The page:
No Adoption System is Perfect
by Barbara Free, M.A.
2013 issue of the AAC newsletter, Decree, includes a lengthy excerpt from
Adoption Separation: Then and Now (Clova Publications, 2010), a book by
Australian Evelyn Robinson, M.A., DipEd, BSW. Ms. Robinson is a reunited birth
mother (she prefers the term original parent) who relinquished a son
in Edinburgh, Scotland, in 1970, and now lives in South Australia.
The article, Different Approaches,
contrasts Australias current adoption system and that of the U.S. It
quite ignores the past history of Australia with the Aborigines, attempting
to breed them out, putting Aborigine children in orphanages and
boarding schools with a lot of abuse. The Australian film Rabbit-Proof
Fence (2002) attests to some of that.
That issue aside, Ms. Robinsons main viewpoint
is that adoption is almost always a very bad thing for everyone. She starts by
stating that, Private adoptions are illegal in all states of territories in
Australia and all domestic adoptions are arranged by State Government
departments. By private adoptions, she is referring to agency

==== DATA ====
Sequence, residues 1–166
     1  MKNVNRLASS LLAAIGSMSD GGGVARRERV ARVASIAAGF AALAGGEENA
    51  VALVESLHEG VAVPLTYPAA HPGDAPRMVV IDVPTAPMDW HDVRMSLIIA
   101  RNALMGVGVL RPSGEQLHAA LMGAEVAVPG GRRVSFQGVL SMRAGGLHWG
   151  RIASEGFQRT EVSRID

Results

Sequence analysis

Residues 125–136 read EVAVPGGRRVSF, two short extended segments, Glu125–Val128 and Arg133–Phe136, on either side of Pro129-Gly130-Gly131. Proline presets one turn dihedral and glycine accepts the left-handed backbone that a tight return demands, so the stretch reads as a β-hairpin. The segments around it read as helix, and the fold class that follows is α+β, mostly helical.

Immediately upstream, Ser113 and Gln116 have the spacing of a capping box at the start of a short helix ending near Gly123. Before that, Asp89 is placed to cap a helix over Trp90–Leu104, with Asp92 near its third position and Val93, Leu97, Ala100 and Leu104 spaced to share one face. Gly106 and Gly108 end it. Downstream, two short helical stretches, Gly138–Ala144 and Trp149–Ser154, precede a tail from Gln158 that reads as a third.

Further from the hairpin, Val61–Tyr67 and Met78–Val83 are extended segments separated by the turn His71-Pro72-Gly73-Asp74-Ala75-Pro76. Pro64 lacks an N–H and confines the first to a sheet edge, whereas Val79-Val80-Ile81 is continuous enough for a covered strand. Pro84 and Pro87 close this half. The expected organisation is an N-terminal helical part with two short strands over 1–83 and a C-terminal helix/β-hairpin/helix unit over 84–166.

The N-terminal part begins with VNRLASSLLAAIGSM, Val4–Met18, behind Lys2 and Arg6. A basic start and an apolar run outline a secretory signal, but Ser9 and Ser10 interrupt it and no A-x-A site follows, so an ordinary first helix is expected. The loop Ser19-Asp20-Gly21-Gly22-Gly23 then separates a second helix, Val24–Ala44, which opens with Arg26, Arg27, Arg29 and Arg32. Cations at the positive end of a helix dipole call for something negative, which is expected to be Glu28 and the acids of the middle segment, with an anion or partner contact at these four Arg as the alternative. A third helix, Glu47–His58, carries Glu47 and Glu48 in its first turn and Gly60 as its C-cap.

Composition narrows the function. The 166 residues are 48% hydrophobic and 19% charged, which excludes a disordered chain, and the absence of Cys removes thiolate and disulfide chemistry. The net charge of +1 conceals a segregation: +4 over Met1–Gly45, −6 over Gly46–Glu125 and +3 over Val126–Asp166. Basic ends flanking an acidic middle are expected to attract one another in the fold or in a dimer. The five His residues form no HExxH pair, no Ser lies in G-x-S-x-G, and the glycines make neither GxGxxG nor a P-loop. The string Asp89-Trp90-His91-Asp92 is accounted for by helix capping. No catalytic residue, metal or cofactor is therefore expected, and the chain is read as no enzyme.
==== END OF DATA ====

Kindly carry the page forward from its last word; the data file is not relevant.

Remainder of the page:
adoptions. In the U.S., private adoption often means a non-agency adoption,
arranged between families, sometimes involving doctors or attorneys.
She states that, in Australia, there are no
commercially based adoption agencies. She says that, because in the U.S. there
are adoption agencies licensed to arrange domestic adoptions, there are financial
advantages for them to arrange as many adoptions as possible and that this is
distasteful and perhaps immoral. She says that pregnant women in Australia are
encouraged to focus on raising their children and are never encouraged to
relinquish. After the birth, she says, there is a Parenting Payment available
from the federal government, which is means-tested, meaning available
to those below a certain (unspecified in this article) income level. She states
that there is no such payment available in the U.S., but tax benefits for adoptive
parents who are in paid employment. This is not exactly clear nor accurate. She
further tells us that there has been a dramatic decrease in adoptions in Australia
to the point that, in 2010, in South Australia, with a population of more than two